58-year-old police academy recruit proves it’s never too late to go after your dream
KANSAS CITY, Mo. (KCTV) - A police academy recruit for the Kansas City, Missouri, Police Department is proving that you’re never too old to chase a lifelong dream.
Albert Robertson is 58 years old, and he’s one of the oldest recruits the KCPD has had.
By the time most police officers reach their 60s, they’re either retiring or thinking about retiring. For Robertson, he’s just getting started.
In a class filled with recruits in their 20s and 30s, he’s a standout.
“Obviously, I’m 30 years older than the next guy closest to my age in class,” Robertson said. “I think the youngest young man in class is 20. But, they all kind of call me ‘grandpa.’”
When asked what made him want to join the police force at this age, he said: “I want to keep the streets safe for women and children. I’m only one person, but I can do something. I can’t complain about crime if I’m not willing to do something about it.”
His neighbor, who is a KCPD officer, supported Robertson’s dream to join. That, and the lasting impression officers made while patrolling the Columbus Park neighborhood Robertson grew up in, inspired him.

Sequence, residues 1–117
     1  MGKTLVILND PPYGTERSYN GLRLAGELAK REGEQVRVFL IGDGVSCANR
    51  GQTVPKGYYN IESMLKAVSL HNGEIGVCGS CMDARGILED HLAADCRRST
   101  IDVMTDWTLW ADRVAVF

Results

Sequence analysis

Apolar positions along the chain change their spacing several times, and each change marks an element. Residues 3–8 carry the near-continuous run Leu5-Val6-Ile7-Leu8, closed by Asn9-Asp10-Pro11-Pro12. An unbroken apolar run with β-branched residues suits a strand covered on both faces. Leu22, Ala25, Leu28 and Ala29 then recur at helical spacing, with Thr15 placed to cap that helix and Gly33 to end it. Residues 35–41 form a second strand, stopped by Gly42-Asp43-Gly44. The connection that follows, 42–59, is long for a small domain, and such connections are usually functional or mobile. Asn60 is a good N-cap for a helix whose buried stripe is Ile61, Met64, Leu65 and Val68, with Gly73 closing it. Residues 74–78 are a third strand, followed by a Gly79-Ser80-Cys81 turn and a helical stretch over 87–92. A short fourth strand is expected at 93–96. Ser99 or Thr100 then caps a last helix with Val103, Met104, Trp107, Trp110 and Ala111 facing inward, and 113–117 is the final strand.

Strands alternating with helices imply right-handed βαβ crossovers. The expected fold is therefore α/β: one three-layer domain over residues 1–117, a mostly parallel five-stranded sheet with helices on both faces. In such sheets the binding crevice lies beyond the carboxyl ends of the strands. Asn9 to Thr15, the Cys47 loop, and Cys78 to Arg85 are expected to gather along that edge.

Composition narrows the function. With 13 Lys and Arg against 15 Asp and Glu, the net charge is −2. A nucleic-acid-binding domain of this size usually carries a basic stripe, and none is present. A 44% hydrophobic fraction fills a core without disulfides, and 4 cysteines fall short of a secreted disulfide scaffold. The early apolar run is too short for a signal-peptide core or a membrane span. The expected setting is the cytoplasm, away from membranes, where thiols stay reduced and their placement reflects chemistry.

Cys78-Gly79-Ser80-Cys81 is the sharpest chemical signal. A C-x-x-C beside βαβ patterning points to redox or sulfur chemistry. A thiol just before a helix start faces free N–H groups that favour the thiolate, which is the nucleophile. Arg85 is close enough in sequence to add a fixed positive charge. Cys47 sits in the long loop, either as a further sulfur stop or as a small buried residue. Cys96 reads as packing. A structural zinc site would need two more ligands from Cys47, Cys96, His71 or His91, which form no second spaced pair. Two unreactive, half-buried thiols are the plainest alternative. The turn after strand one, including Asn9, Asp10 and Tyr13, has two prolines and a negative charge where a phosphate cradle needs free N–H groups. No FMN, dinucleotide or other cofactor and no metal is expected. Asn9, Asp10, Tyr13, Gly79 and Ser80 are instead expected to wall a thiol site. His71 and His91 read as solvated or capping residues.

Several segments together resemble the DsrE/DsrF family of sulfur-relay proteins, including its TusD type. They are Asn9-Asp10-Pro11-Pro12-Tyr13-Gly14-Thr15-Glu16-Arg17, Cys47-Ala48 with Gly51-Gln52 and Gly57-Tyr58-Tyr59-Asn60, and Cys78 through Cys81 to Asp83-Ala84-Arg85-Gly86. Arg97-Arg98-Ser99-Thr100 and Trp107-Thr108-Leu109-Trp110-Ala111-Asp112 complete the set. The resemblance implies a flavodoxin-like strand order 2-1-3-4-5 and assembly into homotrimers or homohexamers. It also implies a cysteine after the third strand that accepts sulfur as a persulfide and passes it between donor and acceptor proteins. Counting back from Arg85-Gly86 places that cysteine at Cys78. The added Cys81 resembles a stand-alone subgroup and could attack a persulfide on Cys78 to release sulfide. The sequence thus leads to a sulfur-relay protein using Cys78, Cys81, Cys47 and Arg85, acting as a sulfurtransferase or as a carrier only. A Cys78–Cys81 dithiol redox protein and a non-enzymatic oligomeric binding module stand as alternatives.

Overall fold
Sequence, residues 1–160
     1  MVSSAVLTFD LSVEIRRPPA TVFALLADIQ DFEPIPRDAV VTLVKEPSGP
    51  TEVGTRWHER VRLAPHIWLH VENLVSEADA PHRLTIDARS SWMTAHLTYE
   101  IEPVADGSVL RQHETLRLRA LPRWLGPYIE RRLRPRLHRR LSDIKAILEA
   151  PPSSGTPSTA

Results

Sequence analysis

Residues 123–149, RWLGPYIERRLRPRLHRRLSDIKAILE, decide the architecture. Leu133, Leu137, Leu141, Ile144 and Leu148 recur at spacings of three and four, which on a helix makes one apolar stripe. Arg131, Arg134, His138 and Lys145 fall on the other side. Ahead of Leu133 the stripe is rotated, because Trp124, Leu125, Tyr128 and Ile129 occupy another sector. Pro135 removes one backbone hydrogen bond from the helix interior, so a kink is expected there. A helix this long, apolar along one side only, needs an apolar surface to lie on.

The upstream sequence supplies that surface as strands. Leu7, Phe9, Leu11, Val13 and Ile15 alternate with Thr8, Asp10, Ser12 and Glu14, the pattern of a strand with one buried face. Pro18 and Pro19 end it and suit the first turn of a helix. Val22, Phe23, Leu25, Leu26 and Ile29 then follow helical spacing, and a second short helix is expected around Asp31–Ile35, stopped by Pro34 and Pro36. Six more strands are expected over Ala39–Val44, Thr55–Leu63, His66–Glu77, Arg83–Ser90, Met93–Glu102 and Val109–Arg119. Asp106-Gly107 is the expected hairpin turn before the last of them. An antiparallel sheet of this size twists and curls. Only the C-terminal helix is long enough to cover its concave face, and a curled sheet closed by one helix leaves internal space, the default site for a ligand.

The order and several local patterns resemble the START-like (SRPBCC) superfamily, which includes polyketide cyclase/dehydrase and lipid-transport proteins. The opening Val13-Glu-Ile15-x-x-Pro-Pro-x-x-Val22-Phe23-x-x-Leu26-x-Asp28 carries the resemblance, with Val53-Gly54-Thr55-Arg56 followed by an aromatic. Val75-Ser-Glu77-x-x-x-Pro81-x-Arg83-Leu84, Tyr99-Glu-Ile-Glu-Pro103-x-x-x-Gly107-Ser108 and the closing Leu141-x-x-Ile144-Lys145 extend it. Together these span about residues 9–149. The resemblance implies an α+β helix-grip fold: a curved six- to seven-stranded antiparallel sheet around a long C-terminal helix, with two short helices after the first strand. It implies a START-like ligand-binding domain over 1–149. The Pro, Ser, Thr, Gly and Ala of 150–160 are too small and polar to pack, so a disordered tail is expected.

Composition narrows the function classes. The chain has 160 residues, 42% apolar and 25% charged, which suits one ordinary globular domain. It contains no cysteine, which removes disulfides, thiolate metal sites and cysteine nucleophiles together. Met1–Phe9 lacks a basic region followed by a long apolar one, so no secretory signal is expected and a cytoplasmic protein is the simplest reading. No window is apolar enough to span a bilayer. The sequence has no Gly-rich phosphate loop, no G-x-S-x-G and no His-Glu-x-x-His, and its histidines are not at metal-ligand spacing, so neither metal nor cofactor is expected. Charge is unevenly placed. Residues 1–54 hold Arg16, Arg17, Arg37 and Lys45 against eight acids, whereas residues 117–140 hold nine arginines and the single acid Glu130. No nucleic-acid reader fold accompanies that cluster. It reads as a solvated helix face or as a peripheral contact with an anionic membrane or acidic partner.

“When I grew up, there were some officers that patrolled down our neighborhood,” he recalled. “They knew all the children down there. They knew us by name. They were our community police officers. That was an inspiration.”
When the police department found out Robertson wanted to be an officer, they welcomed him into the academy with open arms.
“If anybody feels that calling, to come out here and make a difference and find a way to make somebody’s day a better version than what it was,” said Sgt. Jake Becchina with the KCPD. “Anybody that feels that, we got a spot for them.”
Although Robertson is new to the police force, he’s no stranger to protecting and serving. He served in the U.S Army for 28 years.
“I did desert operation, Desert Spring,” Robertson said, “Operation Noble Eagle, Operation Enduring Freedom, Iraqi Freedom.”
From protecting his country to protecting communities in Kansas City, Robertson will only be on the force for seven years before he will have to retire from the KCPD.
“I’m just a regular guy, that’s all,” he said. “I’m going to try and go out there and make a difference in seven years. The real heroes are the ones that have done this already for the last 15 or 20 years, or the ones getting ready to do it for 15 or 20 years. They’re the real heroes. They’re going to be on the department longer than me.”
If you’re near Roberson’s age and you’re thinking about becoming an officer, or just wanting to start a new career, he says you should do it.
“You’re never too old,” he said. “Just put your heart into it. You can do whatever you want. Just set your mind to it, put your heart into it and believe you can do it.”
Robertson’s story is already inspiring others in the community.
“I talked to somebody this morning who saw this story online, his story, and said, ‘Well, if he can do it, I can probably do it,’” Sgt. Becchina said. “That’s exactly what we want people to think.”
Robertson is currently passing the academy. He will have to pass the physical and mental tests, like every other recruit, before he can graduate. The 177th EOC are set to graduate on Aug. 3.
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